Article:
On Exhibit: a grunt's view of Vietnam | Calendar | Chicago Reader

On Exhibit: a grunt's view of Vietnam 

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Chicagoan Lazlo Kondor got his job as a war photographer by fibbing to army recruiters. He told them he was the official photographer for the first Mayor Daley. Trained as an infantryman and equipped with battle gear he sometimes used, Kondor spent two years in Vietnam on missions that civilian photographers were barred from because--unlike Kondor--they could not fight.

"Every war is fought by small units," Kondor says. "When the bullets start flying I guarantee you that nobody is fighting for the flag or for General Westmoreland--they fight for each other.

"War is an emotion. If you can capture emotion in the faces of the participants you capture war." In the photo L.R.R.P. Team Arkansas Waiting for Extraction With Wounded N.V. Soldier, a group of men resolutely watch for a helicopter to evacuate a wounded enemy. "That's a team. They look in the same direction. They even look alike," Kondor observes. It's the last part of a series of four photos that reveal war's contradictions. First the soldiers are in a helicopter "smiling and having fun," notes Kondor, but then just before landing two faces, now quite grim, look in opposite directions, as if already surveilling hostile country. Kondor's wife looked at this sequence--which ends with the North Vietnamese soldier's evacuation--and told him, "This is crazy. First you shoot him up and then you're risking your life to save him."

Looking at Music, Quang Nai Market--which shows a group of girls with their faces hidden under large conical hats--Kondor asks, "What are these girls doing? Probably five or ten miles away the sky was rumbling with a huge napalm strike, and they're nonchalantly copying music. Contradiction? Yes. But war had been going on in this country for 20-some years. You still have to fish and farm rice and copy music because you have to survive."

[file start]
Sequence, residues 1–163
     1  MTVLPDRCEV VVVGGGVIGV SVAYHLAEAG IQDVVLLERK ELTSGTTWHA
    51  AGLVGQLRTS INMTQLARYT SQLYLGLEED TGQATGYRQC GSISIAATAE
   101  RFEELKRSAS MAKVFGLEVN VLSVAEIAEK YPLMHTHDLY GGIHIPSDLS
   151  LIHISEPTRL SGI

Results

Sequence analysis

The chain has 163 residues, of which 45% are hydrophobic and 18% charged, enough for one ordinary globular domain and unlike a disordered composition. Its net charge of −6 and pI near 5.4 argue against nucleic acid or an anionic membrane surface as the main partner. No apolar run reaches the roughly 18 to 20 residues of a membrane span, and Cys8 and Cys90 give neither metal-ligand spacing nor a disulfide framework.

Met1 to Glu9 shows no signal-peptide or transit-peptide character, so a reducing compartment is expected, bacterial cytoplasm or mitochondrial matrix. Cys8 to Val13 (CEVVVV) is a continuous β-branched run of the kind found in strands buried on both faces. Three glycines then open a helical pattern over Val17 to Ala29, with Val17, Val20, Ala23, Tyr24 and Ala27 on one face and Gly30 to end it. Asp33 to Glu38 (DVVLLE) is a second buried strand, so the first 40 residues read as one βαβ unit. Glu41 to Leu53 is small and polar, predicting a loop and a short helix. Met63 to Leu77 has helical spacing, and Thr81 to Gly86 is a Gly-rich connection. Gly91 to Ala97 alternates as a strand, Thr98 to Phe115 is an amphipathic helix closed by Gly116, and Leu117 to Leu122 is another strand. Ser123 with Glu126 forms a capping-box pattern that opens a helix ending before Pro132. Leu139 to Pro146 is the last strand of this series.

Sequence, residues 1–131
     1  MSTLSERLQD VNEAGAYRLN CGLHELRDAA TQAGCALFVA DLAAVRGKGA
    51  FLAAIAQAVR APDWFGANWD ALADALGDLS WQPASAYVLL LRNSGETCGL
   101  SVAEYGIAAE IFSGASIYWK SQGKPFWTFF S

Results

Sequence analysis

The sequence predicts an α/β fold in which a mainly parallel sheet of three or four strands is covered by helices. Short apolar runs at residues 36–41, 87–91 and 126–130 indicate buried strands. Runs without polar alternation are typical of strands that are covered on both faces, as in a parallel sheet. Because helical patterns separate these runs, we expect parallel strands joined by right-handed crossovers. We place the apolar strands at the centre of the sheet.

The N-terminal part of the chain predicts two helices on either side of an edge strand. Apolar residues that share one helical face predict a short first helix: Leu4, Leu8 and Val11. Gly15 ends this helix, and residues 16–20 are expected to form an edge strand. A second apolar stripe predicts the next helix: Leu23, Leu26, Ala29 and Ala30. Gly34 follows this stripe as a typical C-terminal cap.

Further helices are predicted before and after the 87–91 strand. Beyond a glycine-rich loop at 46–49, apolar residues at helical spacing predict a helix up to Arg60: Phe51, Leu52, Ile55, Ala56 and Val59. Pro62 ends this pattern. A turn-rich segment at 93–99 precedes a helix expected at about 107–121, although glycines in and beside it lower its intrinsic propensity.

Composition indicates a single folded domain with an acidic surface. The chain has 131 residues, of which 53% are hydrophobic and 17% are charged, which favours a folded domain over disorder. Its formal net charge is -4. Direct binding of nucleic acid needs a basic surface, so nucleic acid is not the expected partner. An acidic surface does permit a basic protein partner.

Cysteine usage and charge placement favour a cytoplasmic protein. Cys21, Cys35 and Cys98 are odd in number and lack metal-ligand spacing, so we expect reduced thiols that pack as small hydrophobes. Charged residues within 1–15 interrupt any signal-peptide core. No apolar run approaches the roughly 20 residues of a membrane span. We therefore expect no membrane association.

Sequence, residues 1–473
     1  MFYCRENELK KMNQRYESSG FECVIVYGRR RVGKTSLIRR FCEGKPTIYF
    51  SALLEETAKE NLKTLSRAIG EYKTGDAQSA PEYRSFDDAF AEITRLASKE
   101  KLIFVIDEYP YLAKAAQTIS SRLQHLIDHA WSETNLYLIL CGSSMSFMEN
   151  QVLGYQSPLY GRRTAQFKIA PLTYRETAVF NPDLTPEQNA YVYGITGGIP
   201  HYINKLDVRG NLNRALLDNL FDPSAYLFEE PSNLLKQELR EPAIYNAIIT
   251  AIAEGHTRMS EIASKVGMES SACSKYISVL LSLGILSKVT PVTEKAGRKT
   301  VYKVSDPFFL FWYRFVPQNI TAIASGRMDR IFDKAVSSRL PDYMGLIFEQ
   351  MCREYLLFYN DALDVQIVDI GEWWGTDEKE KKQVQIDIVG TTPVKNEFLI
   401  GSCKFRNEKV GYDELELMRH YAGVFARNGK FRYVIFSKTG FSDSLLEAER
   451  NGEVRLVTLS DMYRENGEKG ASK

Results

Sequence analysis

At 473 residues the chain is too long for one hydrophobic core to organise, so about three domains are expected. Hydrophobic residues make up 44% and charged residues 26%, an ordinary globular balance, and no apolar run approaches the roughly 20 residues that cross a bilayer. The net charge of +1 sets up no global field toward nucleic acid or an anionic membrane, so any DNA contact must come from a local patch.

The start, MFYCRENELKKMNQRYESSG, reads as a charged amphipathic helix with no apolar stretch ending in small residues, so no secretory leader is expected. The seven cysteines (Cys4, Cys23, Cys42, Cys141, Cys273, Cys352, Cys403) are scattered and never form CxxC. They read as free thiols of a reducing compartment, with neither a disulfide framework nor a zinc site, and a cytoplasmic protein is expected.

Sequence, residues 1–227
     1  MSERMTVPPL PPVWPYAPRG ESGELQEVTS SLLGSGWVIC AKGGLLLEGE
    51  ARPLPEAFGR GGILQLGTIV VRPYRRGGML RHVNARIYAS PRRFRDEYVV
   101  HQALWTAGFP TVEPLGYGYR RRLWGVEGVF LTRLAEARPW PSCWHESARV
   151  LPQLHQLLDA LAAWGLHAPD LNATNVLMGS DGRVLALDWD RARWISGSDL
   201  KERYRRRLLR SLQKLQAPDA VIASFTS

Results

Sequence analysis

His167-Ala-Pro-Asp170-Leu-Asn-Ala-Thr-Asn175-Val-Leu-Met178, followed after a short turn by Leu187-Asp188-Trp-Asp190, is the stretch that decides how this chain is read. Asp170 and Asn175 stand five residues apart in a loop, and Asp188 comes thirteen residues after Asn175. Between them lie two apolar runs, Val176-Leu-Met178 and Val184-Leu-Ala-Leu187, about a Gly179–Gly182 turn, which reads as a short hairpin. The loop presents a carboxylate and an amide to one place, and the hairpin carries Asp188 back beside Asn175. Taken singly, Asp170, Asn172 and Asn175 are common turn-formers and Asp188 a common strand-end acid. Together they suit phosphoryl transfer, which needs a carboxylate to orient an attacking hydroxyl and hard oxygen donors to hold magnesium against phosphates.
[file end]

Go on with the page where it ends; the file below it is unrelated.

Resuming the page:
Kondor understands the toll war takes on civilians. Born in 1940 in Hungary, he remembers the end of World War II. "The Germans and the Soviet troops were fighting over our village," he says. "Most of the time we were down in the basement because for weeks on end they were pushing back and forth for one lousy village--captured, recaptured, captured, recaptured." In Scorched-Earth Policy, Quan Tin Province, a girl of about eight or nine stands in front of her burning home holding her younger brother in her arms. Kondor says the crying girl is "screaming, "Don't burn my house!' But the little boy is totally uncomprehending." Pointing to the boy, Kondor says, "I see myself--that's me."

Ironically, when Kondor returned to Chicago in 1972, he started working as Daley's official photographer, a job he held for five years until the mayor died. Since then he's done commercial and portrait work.

His Vietnam photos were published in army newspapers, but only recently has he exhibited them publicly. Kondor's combat photos are on view this Saturday and Sunday, 11 AM to 7 PM, at his studio, 2141 W. Le Moyne. Call 342-2339 for more information.

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